Importance : Mountain Environment
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steep, sloping sides and sharp or slightly rounded ridges
-3500 m (SNOWY) – 600 m -1500m -2500m
-About 1/5 world's landscape,
-homes at least 1/10 world's people.
-Tallest known mountain -solar system is
Olympus Mons, located on Mars.
-mountains under the surface of the sea
-Highest Mountain Range: Himalayan
-Longest : Andes of Mountain
-Himalaya = Andes = Rockies = Alps =
Elevation : 60 - 8848 m
Geographical Division :
3 geographical zones-
Mountainous & Hilly (75%), Plain.
Immense Altitudinal Changes
Climatic Great Variations
Diversity of Ecosystems: Rich
many high altitude plants medicinal
economic value of
mountain people (Yarsa Gumba)
Mountain Importance: Cultural
• Unique Indigenous Culture, life-style
125 languages spoken in Nepal (Summer Institute of Linguistics)
Mountain Importance: Tourism
• Tourism- Development: local income
(BHTMC- tell tourists the indepth of indigenous culture, knowledge, tradition)
• "The expansion of tourism to villages will contribute more to the economic
development.” (Ninth Plan of HMG pg 64)
• Over 80 percent of all visitors come for holiday / pleasure or trekking /
• Major contributor to Nepal's economy: US$170 million annually 463,646 -
in the year 2000 (MoCTCA 2001)
• Provides direct and indirect employment for over 300,00015% of total
export earning. (Nepal Tourism Board 2001) people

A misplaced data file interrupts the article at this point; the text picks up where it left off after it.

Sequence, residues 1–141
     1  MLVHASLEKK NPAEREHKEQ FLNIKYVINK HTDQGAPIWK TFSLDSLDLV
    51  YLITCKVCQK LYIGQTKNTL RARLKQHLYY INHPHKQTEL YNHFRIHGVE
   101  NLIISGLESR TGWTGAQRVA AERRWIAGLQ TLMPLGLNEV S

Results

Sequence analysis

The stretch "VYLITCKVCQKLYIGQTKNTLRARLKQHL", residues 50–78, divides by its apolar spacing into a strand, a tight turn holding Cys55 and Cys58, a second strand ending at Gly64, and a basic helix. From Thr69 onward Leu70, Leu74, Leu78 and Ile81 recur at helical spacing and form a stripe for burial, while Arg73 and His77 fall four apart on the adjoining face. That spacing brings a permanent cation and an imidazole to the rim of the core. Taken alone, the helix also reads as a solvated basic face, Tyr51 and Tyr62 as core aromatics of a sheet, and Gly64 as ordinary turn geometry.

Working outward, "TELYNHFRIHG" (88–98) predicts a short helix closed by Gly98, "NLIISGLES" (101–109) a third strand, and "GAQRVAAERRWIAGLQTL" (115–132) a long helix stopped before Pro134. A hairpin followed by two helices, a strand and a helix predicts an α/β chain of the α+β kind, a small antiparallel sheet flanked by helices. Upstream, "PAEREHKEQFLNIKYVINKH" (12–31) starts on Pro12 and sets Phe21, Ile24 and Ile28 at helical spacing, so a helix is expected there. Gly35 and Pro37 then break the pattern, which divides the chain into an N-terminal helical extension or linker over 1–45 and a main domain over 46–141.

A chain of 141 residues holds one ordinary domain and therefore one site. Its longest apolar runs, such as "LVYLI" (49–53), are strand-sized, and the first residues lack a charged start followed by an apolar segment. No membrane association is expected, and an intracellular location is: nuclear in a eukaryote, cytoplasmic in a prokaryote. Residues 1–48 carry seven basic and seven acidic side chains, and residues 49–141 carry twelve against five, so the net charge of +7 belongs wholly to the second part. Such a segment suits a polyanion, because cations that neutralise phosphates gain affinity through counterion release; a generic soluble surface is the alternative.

• Major earner of foreign exchange dollars and represents
• One of Asia’s most rich biodiversity. No biodiversity: No life-Food
• wide range of altitude has contributed to abundant and diverse
ecosystem, species and genetic resources.
• home of 2% of world’s flowering plants.
• 4% of the world’s mammals (the largest population of one horned
rhino is found in Royal Chitwan National Park).
• 8% of the world’s bird populations, among which the Spiny
Babbler is found only in Nepal.
• Out of an estimated 1,000 species of indigenous medicinal plants
approximately 700 species have been identified.
OTHER UNIQUE FEATURES:
• Eight of the world’s 14 highest mountains found in Nepal
• The world’s deepest gorges—the Kali Gandaki named after the
ferocious goddess Kali, which is also Nepal’s very best river for white
• Tilicho Lake (at 5,099m) north of Annapurna is one of the highest lakes
in the world.
• In terms of hydroelectric power, Nepal has the world’s second largest
hydroelectric power potential
• Nepal has two natural and eight cultural sites listed as World Heritage
Sites by UNESCO
• Two Natural Heritage Sites are: Sagarmatha National Park and Chitwan
• The eight Cultural Heritage Sites are: Kathmandu Durbar Square, Patan
Durbar Square, Bhaktapur Durbar Square, Swoyambu Nath, Pashupati
Nath, Baudha Nath ,Changunarayan and Lumbini.
• Nepal—the largest figure declared for conservation in any country.
• 16 Protected Areas in Nepal, i.e 18% of the total area
• There are currently nine National Parks, three Wildlife Reserves, three
Conservation Areas and one Hunting Reserve.
• Climbers and tourists visit them for the
• Farmers graze their animals on them.
• Water authorities make reservoirs and pump
the water to towns and cities.
• Forestry companies grow coniferous forests
and harvest wood on them.
Mountain Importance: Water
• Water-power for life:
Water Towers of Asia,
• One of the World’s richest
• Nepal Major economy -cultivation.
• Third Pole
• Fresh water
Locals Dump Waste in
Dumping Site at Dhunche
GOOD ENVIRONMENTAL PRACTICE
WASTE GENERATION AND DISPOSAL
Protection of waterways
• In Dhunche, the drainage doesn’t reach
• Syabru Besi, few hotels at the Bank of
the river discharge their waste water
into the river system
• But in Syarbu Besi, though they dump